MMJ (Modified Modular Jack)
A six-wire modular jack with the locking tab shifted off to the right side. Used in the DEC wiring system.

The process of modifying a carrier signal to transmit information.

A type of dual fiber optic connector: small size, lower cost, more flexible application and easier use. The MT-RJ system supports both Single Mode and Multi-Mode applications, providing a robust solution for both backbone and horizontal needs. About half the size of an SC-based transceiver, the MT-RJ presents significant space savings. The narrower width allows network equipment vendors to achieve the same port density as with modular jacks.

A form of fiber optic cabling in which light is able to follow multiple paths as it traverses the cable. Less expensive, and with a lower maximum rate and distance, than single mode fiber optic cable.

To transmit two or more messages or message streams on a single channel, typically through the use of frequency-division multiplexing, time division multiplexing, or statistical time division multiplexing.

A device used for division of a transmission facility into two or more subchannels, either by splitting the frequency band into narrower bands or by allotting a common channel to several different transmitting devices one at a time. Also known as a mux.


NEXT (Near End Crosstalk)
Signal distortion as a result of signal coupling from one pair to another at various frequencies.

A number of interconnected systems that, typically, exchange information with one another and share resources that may be distributed among the systems.

NIC (Network Interface Card)
A physical plug-in module which goes into a workstation or server and provides the connection to a network.

Any network device (such as a server, workstation, or router) that can communicate across the network.

A low-voltage, low-current, high-frequency signal that interferes with normal network transmissions, often data.

See "Auto-Negotiation".


Parallel Detection
The method of establishing a link between auto-negotiation and non-negotiation devices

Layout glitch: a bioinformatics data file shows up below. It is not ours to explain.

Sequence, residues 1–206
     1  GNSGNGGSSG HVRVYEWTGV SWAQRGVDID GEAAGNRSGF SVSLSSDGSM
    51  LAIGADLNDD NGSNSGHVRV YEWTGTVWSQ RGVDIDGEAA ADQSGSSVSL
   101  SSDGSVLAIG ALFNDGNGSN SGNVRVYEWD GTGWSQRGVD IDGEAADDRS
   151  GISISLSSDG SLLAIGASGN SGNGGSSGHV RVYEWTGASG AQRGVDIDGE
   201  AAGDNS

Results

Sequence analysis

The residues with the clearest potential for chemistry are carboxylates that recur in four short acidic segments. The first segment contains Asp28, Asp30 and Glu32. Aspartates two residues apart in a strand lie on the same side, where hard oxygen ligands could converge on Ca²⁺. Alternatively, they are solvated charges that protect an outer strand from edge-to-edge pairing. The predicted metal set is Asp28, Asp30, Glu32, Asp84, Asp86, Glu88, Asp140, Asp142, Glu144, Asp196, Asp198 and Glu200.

Patch Cord
The connecting cord between the terminal device and the drop.

Patch Panel
Connecting hardware that typically provides means to connect horizontal or backbone cables to an arrangement of fixed connectors that may be accessed using patch cords or equipment cords to form cross-connections or interconnections.

The amplitude of a cyclic signal at a specific point in time.

The cables that connect computers together in a LAN

A compartment or chamber to which one or more air ducts are connected and that forms part of the air distribution system.

An interface of a computer or other transmission device that acts as an input and/or output point.

Plain Old Telephone System

Propagation Delay
The amount of time that passes between when a signal is transmitted and when it is received at the opposite end of a cable or cabling.

The specifications that define procedures used by computers when they transmit and receive data.

Punch Down
A method for securing wire to a quick clip in which the insulated wire is placed in the terminal groove and pushed down with at special tool.

PVC (Poly-vinyl Chloride)
The material most commonly used for the insulation and jacketing of cable.


Return Loss
Noise or interference caused by impedance discontinuities along the transmission line at various frequencies. Return loss is expressed in decibels.

RFI (Radio Frequency Interference)
Noise created in the radio-frequency range.

Riser Cabling